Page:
by Dr. Kayla Causey

I keep thinking that these trips just can’t get any better. And then they do. Yesterday was no exception and was really an example of how mother nature continues to raise the bar for the Gray Whale Foundation this season.

First of all, San Juan Elementary students (we had 3 classes total; 100 students) were well prepared and well behaved during their trip today. It was a real pleasure to work with them and their teachers.

We set out from the dock aboard the Dana Pride at 10:22 a.m., with the tide moving out, the seas smooth, skies clear, and the water 63 degrees (Beaufort State was 1). We were barely out of the Harbor when we sighted Pacific White Sided dolphins (lags). These lags were particularly friendly and stayed with the boat bowriding for about 15 minutes. It was a real treat for the scholars to see these unique and beautiful creatures. But the truly unique experience was still to come…

At around 10:44, we received a call from Capt. Mike at the Ocean Institute, saying that he was with, what he thought was, a large pod of pilot whales. We all thought, “Pilot whales?!” We knew this had to be something totally rare. So we headed down the coast to investigate. As we approached, there were already several other boats in the area. Capt. Todd called Alisa Schulman-Janiger, the director of the ACS-LA Gray Whale census (which you can follow here: http://www.acs-la.org/), and a long-time cetacean expert of Southern California. We wanted to alert her to the sighting and find out whether she could recall the last time that Pilot Whales were sighted in Southern California. As Capt. Todd described what we were seeing, and as we all watched the fast-moving animals in front of us, we all came to the conclusion that these weren’t pilot whales, but false killer whales (Pseudorca crassidens). Amazing! And also a rarity in the area. We later learned that the last sighting of false killer whales off of Southern California was in 2001.

There were about 40-50 animals in the entire pod, but they stayed in smaller, tightly-clumped subgroups of about 10 individuals. False killer whales are known for this tight social structure – they often share food, and the close physical contact help them stay in sync with one another during foraging bouts. There were several calves present, as well as larger adults. These toothed whales moved in amazing synchrony, often surfacing in rank formation. They surfaced so close together that there was often body contact and pectoral rubbing, which you can see in some of the images below.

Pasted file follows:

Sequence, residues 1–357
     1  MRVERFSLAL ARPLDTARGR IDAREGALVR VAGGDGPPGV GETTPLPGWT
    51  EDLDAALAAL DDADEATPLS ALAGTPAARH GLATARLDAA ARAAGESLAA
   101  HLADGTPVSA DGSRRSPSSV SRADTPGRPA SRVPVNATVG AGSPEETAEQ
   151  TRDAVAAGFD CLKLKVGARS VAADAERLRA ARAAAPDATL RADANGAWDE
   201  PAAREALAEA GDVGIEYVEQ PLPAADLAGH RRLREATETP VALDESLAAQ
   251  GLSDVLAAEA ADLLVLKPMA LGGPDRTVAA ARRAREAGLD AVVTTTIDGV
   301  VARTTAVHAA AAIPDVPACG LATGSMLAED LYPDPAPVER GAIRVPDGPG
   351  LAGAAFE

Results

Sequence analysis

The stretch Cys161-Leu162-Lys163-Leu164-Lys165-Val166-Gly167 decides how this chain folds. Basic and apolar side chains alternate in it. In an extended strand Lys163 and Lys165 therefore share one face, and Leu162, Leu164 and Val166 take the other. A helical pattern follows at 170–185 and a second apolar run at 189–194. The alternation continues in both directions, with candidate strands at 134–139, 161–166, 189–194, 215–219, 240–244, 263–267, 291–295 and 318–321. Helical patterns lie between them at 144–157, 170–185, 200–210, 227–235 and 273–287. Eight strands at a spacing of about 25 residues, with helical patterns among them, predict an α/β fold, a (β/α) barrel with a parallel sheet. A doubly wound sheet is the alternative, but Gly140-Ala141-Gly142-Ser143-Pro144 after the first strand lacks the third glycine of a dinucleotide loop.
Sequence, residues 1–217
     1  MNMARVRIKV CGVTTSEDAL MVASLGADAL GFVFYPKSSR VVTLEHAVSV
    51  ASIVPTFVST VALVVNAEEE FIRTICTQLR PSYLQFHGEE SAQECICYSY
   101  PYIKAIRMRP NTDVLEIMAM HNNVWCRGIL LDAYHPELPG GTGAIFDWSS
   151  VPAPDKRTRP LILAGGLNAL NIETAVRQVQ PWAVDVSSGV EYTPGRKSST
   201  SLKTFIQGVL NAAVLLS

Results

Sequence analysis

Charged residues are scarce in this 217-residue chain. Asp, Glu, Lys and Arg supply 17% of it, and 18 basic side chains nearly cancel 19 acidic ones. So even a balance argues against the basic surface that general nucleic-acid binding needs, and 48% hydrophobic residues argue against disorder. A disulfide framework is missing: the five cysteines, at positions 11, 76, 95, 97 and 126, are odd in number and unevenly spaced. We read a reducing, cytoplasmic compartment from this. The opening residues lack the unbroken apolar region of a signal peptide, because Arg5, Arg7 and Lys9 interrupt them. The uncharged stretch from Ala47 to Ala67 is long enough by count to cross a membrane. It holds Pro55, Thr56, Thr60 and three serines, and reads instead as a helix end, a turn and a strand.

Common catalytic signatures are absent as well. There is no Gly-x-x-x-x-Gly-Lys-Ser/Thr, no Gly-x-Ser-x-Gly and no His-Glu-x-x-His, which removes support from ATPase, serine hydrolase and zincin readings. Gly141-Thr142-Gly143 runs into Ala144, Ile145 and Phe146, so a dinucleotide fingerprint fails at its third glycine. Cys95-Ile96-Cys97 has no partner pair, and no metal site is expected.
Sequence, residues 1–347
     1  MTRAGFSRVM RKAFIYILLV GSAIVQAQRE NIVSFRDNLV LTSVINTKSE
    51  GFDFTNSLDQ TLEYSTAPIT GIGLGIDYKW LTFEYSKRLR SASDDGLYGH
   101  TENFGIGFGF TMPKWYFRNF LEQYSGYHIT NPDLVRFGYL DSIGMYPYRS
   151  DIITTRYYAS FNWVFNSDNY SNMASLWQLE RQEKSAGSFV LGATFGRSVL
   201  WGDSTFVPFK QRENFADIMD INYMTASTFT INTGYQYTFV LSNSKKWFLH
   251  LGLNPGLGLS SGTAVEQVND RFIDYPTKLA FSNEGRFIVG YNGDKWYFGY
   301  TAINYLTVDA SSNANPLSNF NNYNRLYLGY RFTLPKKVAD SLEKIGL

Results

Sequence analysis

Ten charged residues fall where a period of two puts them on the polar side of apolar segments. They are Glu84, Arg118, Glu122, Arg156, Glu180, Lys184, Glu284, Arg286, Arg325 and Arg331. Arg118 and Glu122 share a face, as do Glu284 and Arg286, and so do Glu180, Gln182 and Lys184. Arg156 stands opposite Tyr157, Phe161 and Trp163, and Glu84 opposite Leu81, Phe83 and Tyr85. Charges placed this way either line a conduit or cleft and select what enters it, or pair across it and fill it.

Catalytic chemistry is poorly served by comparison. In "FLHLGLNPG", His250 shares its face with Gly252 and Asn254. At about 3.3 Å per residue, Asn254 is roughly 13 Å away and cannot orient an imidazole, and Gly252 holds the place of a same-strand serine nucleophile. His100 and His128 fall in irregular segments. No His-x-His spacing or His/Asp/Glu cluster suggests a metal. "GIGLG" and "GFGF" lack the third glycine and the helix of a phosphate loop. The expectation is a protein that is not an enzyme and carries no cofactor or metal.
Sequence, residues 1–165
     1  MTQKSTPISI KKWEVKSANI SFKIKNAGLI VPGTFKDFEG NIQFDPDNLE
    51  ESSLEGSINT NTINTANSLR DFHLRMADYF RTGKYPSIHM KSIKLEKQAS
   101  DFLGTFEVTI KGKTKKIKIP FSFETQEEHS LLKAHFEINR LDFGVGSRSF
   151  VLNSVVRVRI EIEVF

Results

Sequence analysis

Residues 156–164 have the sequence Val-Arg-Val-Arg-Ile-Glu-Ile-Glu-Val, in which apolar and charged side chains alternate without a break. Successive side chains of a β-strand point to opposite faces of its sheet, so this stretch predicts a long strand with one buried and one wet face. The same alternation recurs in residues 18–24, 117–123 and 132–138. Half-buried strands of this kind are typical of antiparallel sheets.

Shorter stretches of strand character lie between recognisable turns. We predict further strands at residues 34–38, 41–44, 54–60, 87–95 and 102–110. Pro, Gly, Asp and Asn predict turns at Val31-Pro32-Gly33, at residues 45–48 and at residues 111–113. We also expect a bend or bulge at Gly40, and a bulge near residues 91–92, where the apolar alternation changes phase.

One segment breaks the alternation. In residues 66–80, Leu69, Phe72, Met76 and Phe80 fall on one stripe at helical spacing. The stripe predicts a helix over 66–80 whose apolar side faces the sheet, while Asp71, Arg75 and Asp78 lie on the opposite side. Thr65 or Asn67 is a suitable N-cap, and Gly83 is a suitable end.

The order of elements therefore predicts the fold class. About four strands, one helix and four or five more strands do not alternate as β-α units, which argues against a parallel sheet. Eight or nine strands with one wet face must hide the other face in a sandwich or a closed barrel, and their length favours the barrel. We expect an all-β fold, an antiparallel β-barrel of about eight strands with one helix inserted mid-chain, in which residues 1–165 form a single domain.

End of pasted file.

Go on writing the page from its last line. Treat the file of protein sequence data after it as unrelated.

We saw a few instances of fluking prior to a deeper/longer dive, some chasing behavior later on down the coast (which suggested feeding was occurring), evidence of feeding (check out the photos above of the false killer whale with a ~40 lb. white sea bass in its mouth!), and some breaching and leaping behavior as well. The whales seemed largely uninfluenced by the boaters.

Our track is pictured below, as well as the coordinates were we caught up with the whales. You can see that they traveled Northwest (up coast) in almost a straight line parallel to the coast. We remained in about 22 fathoms of water the entire way.They traveled briskly as well, averaging about 7 knots (about 7.7 mph).

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False killer whales are the third largest oceanic dolphin, and they’re called “false killer whale” because they resemble killer whales in behavior, movement, and feeding habits. Like orcas, false killer whales (FKWs) have a reputation for attacking and killing other cetaceans. I can’t help but wonder if their occurrence has anything to do with the dwindling number of gray whale sightings this past week. It’s so unusual to see FKW on our coast because they usually prefer warmer waters offshore (tropical, pelagic water). Below is an image of a captive false killer whale next to a bottlenose dolphin. You can see the relative size difference.

I heard a rumor that this same pod was sighted in Baja and Ensenada early on in the week, but I have yet to confirm. Researchers at Southwest Fisheries Science Center (NOAA) are very interested in the occurrence of these animals off our coast, so I will be busy editing images of dorsal fins to pass them on so they can use them for photo-id. Below is a sample of what I have so far. How many unique individuals can you count?  How many can you match? Although false killer whales are not the taxa that the Gray Whale Foundation studies, it is amazing to have the opportunity to contribute some data to others and to have had the opportunity to document such a rare occurrence with students aboard.

Perhaps even more intriguing, one of the whales had a deformity that was very similar to a deformity I saw in a coastal bottlenose dolphin (Tursiops truncatus) back in October, 2013 (see photos below). At that time, I sent the photo to other dolphin researchers and marine mammal veterinarians up and down the coast. There were several interpretations of the deformity, including that it was the result of a healed injury (possibly from boat strike or entanglement) or that it was a congenital deformity (similar to scoliosis). In the end, the consensus was that the deformity was perhaps congenital (the dolphin had been born with it). I think this instance of an almost identical deformity in a false killer whale makes for an even stronger case that this is the result of a congenital abnormality.

Our data sheets for the day are below. I’m sure there will be lots more to share as we receive reports and updates from others. By now you’ve probably seen the videos flying around the web. Check out this GoPro footage by Capt. Dave — It really highlights the curiosity of this species. Stay tuned, and follow us on Facebook to keep up!

 

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